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This questions was asked before on the Internet, but I couldn't find a good answer.

The Linux kernel networking stack features two structures:

The two structures are essentially linked, but seem to have slightly different lifetimes. One can find an sk via sock->sk, or find a sock via sk->sk_socket.

Why are there two structures to store information about sockets? Assuming I need to add a new field, when would I add it to struct socket and when to struct sock?

UPDATE: Please note that I refer to struct socket in include/linux/net.h inside the Linux source code, which is meant for kernel code only, and not /usr/include/sys/socket.h which is meant for userland.

1
  • Well: there is an inside and an outside. (a similar thing occurs for instance with the struct stat) Sep 25, 2017 at 22:15

2 Answers 2

15
+100

struct socket seems to be a higher level interface that is used for system calls (that is why it also has pointer to struct file which represents file descriptor here).

struct sock is a in-kernel implemenation for AF_INET sockets (there is also struct unix_sock for AF_UNIX sockets which is derivative of this) which can be used both by kernel and by userspace (via struct sock).

Both were added to Linux 1.0 back in 1993, I doubt you'll find a doc specifying initial design decision.

2
  • Okey, but why did the kernel developers not just include all fields in struct sock and struct unix_sock directly in struct socket? Sep 29, 2017 at 21:18
  • 2
    @user1202136: Because it contradicts with decomposition which allows to make things simpler. Also, note that AF_INET and AF_UNIX are only 2 of 43 (see AF_MAX) available socket types. And struct socket is created by socket() before creating lower-layer implementation structure.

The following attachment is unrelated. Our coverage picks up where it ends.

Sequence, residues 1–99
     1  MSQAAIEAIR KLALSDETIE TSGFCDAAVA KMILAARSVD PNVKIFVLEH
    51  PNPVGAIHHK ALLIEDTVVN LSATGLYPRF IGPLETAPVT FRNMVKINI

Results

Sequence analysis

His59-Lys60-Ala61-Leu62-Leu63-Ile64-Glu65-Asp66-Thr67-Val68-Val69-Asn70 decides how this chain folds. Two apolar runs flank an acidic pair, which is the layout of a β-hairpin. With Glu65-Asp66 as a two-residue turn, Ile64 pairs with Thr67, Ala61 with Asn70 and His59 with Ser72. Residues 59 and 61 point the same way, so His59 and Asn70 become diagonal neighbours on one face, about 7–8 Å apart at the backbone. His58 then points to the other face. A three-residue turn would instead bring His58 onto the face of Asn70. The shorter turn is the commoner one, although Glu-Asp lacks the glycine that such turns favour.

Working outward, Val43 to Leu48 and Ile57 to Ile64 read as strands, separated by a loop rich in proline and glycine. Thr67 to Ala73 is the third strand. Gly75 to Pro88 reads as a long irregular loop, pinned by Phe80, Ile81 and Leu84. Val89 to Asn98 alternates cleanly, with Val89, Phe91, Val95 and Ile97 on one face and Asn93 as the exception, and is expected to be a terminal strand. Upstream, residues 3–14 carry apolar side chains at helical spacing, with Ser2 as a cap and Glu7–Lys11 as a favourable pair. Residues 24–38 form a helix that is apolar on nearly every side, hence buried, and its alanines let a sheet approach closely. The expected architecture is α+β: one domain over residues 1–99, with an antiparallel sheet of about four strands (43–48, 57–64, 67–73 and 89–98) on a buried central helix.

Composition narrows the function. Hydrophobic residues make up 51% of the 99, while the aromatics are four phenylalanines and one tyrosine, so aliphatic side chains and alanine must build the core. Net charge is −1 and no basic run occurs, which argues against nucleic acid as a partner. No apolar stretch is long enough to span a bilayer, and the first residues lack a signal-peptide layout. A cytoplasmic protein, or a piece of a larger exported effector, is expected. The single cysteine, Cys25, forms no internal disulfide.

– myaut
    Sep 30, 2017 at 19:31
-4

“The two structures are essentially linked” - not sure what you meant.

I guess you could find answer if look at source files for these structures:

socket  -> linux-src/include/linux/net.h
sock    -> linux-src/include/net/sock.h

socket

 * NET      An implementation of the SOCKET network access protocol.
 *      This is the master header file for the Linux NET layer,
 *      or, in plain English: the networking handling part of the
 *      kernel.

sock

 * INET     An implementation of the TCP/IP protocol suite for the LINUX
 *      operating system.  INET is implemented using the  BSD Socket
 *      interface as the means of communication with the user level.

These structures are different and has different representation of socket abstraction.

Here answer about different sockets.

Unix vs BSD vs TCP vs Internet sockets?

Where to define additional field depends on your intention. Please describe your task.

Please look at sources.

linux-src/include/linux/net.h

/*
 * NET      An implementation of the SOCKET network access protocol.
 *      This is the master header file for the Linux NET layer,
 *      or, in plain English: the networking handling part of the
 *      kernel.
 *
 * Version: @(#)net.h   1.0.3   05/25/93
 *
 * Authors: Orest Zborowski, <[email protected]>
 *      Ross Biro
 *      Fred N. van Kempen, <[email protected]>
 *
 *      This program is free software; you can redistribute it and/or
 *      modify it under the terms of the GNU General Public License
 *      as published by the Free Software Foundation; either version
 *      2 of the License, or (at your option) any later version.
 */
.....
.....
.....
/**
 *  struct socket - general BSD socket
 *  @state: socket state (%SS_CONNECTED, etc)
 *  @type: socket type (%SOCK_STREAM, etc)
 *  @flags: socket flags (%SOCK_NOSPACE, etc)
 *  @ops: protocol specific socket operations
 *  @file: File back pointer for gc
 *  @sk: internal networking protocol agnostic socket representation
 *  @wq: wait queue for several uses
 */
struct socket {
    socket_state        state;

    kmemcheck_bitfield_begin(type);
    short           type;
    kmemcheck_bitfield_end(type);

    unsigned long       flags;

    struct socket_wq __rcu  *wq;